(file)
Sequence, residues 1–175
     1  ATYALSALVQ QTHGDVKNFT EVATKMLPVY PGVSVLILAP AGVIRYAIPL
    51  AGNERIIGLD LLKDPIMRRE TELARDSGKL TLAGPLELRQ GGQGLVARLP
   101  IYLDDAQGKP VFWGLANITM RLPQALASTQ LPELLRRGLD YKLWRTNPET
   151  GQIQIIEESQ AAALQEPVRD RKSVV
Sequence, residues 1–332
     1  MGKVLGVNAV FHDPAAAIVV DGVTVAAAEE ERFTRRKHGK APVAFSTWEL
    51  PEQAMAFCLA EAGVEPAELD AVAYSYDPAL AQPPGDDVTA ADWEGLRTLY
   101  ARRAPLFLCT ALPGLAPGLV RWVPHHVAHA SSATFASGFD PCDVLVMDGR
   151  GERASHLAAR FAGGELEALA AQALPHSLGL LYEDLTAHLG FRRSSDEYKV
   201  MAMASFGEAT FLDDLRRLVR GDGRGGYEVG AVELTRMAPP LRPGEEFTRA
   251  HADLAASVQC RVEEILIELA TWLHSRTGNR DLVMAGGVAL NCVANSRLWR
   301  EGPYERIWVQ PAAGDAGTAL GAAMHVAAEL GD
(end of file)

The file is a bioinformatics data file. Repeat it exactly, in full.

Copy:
Sequence, residues 1–175
     1  ATYALSALVQ QTHGDVKNFT EVATKMLPVY PGVSVLILAP AGVIRYAIPL
    51  AGNERIIGLD LLKDPIMRRE TELARDSGKL TLAGPLELRQ GGQGLVARLP
   101  IYLDDAQGKP VFWGLANITM RLPQALASTQ LPELLRRGLD YKLWRTNPET
   151  GQIQIIEESQ AAALQEPVRD RKSVV
Sequence, residues 1–332
     1  MGKVLGVNAV FHDPAAAIVV DGVTVAAAEE ERFTRRKHGK APVAFSTWEL
    51  PEQAMAFCLA EAGVEPAELD AVAYSYDPAL AQPPGDDVTA ADWEGLRTLY
   101  ARRAPLFLCT ALPGLAPGLV RWVPHHVAHA SSATFASGFD PCDVLVMDGR
   151  GERASHLAAR FAGGELEALA AQALPHSLGL LYEDLTAHLG FRRSSDEYKV
   201  MAMASFGEAT FLDDLRRLVR GDGRGGYEVG AVELTRMAPP LRPGEEFTRA
   251  HADLAASVQC RVEEILIELA TWLHSRTGNR DLVMAGGVAL NCVANSRLWR
   301  EGPYERIWVQ PAAGDAGTAL GAAMHVAAEL GD